As I said above, I love Paul’s YA fiction, and this is an excellent romp of a read, published 10 years ago but still fresh and funny. Jason’s 13 and lives in a horrible household with his mean dad, once a star ventriloquist, now an angry old man, and his glam mum, who watches TV when dad’s out. Jason doesn’t want to take up the family business, especially as his creepy older half-brother is carving out a career for himself, but suddenly there’s a spate of puppet killings, an old man on the rampage … and whisperings from the attic. Then there’s GIRLS to contend with, too. The pace gets faster and faster, and we end up with seahorses, TV studios and a certain gentleman himself getting mixed up with things. Some puppet murder throughout but it didn’t upset me.

I love the way that the ends are not tied up tidily and everything isn’t spelled out for the reader. Jason’s mum is a hoot, and the epilogue is charming and amusing. A good read!

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Current reading: I’ve got some books on Iris Murdoch to review, had a disappointing go with a celebrity biography and am positively WALLOWING in Adam Nicolson’s “The Gentry” – more of those later!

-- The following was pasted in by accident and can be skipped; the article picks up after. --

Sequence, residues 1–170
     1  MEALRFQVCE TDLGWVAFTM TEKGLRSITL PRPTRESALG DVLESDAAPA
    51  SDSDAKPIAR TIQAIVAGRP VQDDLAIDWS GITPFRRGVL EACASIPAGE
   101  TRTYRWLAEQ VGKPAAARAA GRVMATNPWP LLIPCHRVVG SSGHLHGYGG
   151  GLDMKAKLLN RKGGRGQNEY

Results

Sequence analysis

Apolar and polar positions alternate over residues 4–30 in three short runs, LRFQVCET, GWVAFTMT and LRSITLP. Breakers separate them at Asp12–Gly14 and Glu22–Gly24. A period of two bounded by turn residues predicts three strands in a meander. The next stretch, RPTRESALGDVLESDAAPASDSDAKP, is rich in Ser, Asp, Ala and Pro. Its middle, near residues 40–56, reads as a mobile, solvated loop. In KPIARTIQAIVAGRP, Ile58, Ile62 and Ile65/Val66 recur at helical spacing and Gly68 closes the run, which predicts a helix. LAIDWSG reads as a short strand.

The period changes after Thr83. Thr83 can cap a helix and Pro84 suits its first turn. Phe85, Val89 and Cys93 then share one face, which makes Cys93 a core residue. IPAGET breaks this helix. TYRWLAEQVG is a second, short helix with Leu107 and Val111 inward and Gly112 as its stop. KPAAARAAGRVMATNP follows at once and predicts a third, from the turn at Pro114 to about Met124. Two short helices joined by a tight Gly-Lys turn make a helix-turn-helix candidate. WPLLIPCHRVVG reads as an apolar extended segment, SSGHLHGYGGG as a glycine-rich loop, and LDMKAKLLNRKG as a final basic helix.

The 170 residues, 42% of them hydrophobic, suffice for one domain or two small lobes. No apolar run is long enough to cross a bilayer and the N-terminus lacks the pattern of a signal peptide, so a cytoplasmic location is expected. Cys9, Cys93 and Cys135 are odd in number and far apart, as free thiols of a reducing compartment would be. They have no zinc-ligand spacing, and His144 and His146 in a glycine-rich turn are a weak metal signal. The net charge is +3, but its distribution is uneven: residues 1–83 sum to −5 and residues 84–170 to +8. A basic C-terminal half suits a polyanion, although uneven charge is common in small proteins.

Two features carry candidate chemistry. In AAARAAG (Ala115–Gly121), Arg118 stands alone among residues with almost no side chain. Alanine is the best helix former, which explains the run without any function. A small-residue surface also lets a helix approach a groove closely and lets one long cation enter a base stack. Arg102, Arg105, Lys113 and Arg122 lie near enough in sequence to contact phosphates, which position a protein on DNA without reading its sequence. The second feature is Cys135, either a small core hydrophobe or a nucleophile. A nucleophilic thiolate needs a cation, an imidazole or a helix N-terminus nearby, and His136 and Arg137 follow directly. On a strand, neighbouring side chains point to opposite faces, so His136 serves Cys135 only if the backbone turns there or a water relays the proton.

Tales of my TBR and a Barbara Pym tea party

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June 2013 TBRI hope that my regular readers will excuse this combined post and that it’s not too confusing – I didn’t want to miss doing my usual “State of the TBR” post; nor did I want to miss celebrating one of my favourite authors, Barbara Pym’s, 100th birthday celebrations. So, a bit about the TBR and what’s coming up next, and then a bit about the Barbara Pym tea party I went to today.

June 2013 currentFirst off, this month’s TBR, and actually I don’t think I’ve done too badly compared to the beginning of last month. You can see some of the same books, and the Iris Murdoch one hasn’t moved, but that’s because I’m (meant to be) reading another work on her at the moment. I haven’t acquired too many more new books than I’ve read existing ones, so I’m pleased it’s staying stable.  And I’m quite excited to see books from Christmas and this year’s birthday coming into view!